To start with, a brief comment about why statistics is important in science. As Richard Feynman so eloquently states it in this video, science relies on empirical support:

If it disagrees with experiment, it is wrong. In that simple statement is the key to science. It doesn’t make a difference how beautiful your guess is. It doesn’t make a difference how smart you are who made the guess, or what his name is. If it disagrees with experiment, it is wrong.

Furthermore, empirical support is usually uncertain:

It is scientific only to say what is more likely and less likely.

Statistics is in medical research the main science for developing and confirming hypotheses, for quantifying the benefits and risks of exposure to specific treatments or hazardous agents with quantification of the unavoidable estimation uncertainty, and for finding answers to many other questions.

Uncertainty is fundamental for medical research as this typically is performed on limited groups of subjects, for example 32 healthy volunteers included in a randomized trial, a cohort of 587 asbestos workers followed 18 years, or some 83761 patients having been treated with a specific drug and registered in a patient register.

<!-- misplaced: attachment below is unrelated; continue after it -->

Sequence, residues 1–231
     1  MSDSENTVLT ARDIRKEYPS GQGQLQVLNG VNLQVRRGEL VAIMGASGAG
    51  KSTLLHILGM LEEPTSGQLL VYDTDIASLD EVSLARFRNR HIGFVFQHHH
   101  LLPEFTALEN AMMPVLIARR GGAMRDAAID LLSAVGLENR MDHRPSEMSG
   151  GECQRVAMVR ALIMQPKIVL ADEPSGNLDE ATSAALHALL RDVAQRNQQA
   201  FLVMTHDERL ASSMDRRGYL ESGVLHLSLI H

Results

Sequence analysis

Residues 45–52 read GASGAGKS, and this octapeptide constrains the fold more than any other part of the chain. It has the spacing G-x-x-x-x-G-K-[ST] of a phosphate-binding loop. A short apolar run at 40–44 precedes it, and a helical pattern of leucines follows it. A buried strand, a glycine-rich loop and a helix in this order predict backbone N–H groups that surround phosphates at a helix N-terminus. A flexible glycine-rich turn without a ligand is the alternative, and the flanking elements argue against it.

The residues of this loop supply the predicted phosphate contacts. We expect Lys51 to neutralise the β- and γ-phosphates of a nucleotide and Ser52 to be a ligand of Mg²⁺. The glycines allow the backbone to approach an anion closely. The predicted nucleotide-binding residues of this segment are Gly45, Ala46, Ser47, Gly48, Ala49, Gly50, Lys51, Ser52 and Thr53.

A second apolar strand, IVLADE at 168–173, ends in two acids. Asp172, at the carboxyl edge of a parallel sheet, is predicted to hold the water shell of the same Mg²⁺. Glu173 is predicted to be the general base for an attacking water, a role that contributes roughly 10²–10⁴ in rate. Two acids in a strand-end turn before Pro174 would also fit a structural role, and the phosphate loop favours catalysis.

However, how large the studied sample is, the unavoidable question is still whether the observed outcomes are relevant for others than those studied. Are the results generalizable to other, future patients? Or do the results only reflect sampling variation, or bias?” This is a classic “sample-to-population generalization” issue that is in the centre of statistical inference. The uncertainty is usually presented in terms of probabilities (p-values) for a specific hypotheses, or confidence intervals describing the estimation uncertainty of studied effects.

Given the importance of statistical science, one could expect medical researchers to be experienced and good users of statistical methods, but the unfortunate fact (1) is that wrong techniques often are used, wilfully or in ignorance, and that many published results are misleading. Gore et al. (2) showed, for example, 1976 that of 62 articles published in the British Medical Journal, 32 (52%) had statistical errors and 18 (29%) were seriously flawed. Similar errors appear today, but the problem is now greater, because advanced analyses with complicated calculations can easily be made, without the slightest understanding, using modern statistical software. Totally erroneous results, that may appear convincing, have good chances of being be published.


1. Altman DG. The scandal of poor medical research. Br Med J 1994;308:283.

2. Gore SM, Jones IG, Rytter EC. Misuse of statistical methods: critical assessment of articles in BMJ from January to March 1976. Br Med J. 1977;1:85-87.